A large car battery used with a small Tunze pump can last several days during a power outage. Another advantage is that the battery can be easily swapped out. If your main battery back-up is exhausted, you are able to replace it with another battery. Disposable battery used for electric lanterns are good options.

One really cool feature of these battery back-ups is that they will automatically kick-on in the event power is lost so even if you are not home, your animals will be safe.

Azoo Battery Air Pump

Another more economical option for aeration during a power outage is a battery-powered air pump with an air stone. As the air bubbles rise they will move water and in turn help oxygenate the water. They are extremely inexpensive at less than $8 each and most of them run on regular C or D cell batteries.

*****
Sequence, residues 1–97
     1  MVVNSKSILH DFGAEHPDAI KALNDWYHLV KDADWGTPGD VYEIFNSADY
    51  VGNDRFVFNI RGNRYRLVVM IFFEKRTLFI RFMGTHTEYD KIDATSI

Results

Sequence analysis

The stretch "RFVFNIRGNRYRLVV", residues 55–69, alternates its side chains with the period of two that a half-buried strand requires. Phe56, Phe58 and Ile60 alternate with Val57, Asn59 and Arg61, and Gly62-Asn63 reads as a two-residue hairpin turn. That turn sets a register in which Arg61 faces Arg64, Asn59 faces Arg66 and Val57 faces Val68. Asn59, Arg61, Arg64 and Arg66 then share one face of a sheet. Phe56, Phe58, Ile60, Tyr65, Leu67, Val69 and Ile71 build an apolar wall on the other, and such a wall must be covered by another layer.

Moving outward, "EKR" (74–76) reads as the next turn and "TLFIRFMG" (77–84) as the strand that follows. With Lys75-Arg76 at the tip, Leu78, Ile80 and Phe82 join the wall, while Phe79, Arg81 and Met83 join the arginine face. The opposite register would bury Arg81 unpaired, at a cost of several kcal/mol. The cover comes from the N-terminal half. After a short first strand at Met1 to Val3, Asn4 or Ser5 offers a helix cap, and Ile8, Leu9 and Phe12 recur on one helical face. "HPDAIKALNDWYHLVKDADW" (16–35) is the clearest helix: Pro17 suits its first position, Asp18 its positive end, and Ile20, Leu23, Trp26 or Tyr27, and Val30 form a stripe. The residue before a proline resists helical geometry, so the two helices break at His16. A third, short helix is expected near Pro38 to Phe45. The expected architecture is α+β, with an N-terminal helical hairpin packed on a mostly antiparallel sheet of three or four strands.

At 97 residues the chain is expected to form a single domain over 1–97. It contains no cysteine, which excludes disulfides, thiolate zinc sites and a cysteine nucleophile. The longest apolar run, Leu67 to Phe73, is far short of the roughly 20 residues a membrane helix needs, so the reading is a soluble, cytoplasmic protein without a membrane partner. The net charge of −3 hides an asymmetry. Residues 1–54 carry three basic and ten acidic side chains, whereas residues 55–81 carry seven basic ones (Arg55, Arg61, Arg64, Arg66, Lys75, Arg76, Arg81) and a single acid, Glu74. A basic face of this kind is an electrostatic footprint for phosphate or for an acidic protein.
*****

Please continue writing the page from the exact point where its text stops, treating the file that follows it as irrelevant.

The downside to battery-powered air pumps is that you will probably need a few of them to provide enough aeration; especially in large tanks and most do not have the capability to automatically switch when power is lost.

Photo Credit: Home Depot

Finally, you can consider investing in a generator. It is an expensive but foolproof option. Whether it is a portable unit or automatic, a generator can supply enough power to run all of the crucial equipment on your tank and will continue to produce power for long periods of time when refueled properly.

A few other things to keep in mind; do not feed your fish during a power loss to help reduce your fishes metabolism and avoid excess nutrients in the water that consume oxygen. Your fish can live for 4-5 days without food. Cover the tank with a blanket to keep out ambient lighting and reduce temperature changes in the aquarium. If checking on your fish, do not make fast movements or disrupt the tank in any way as you really want to keep stress levels to a minimum.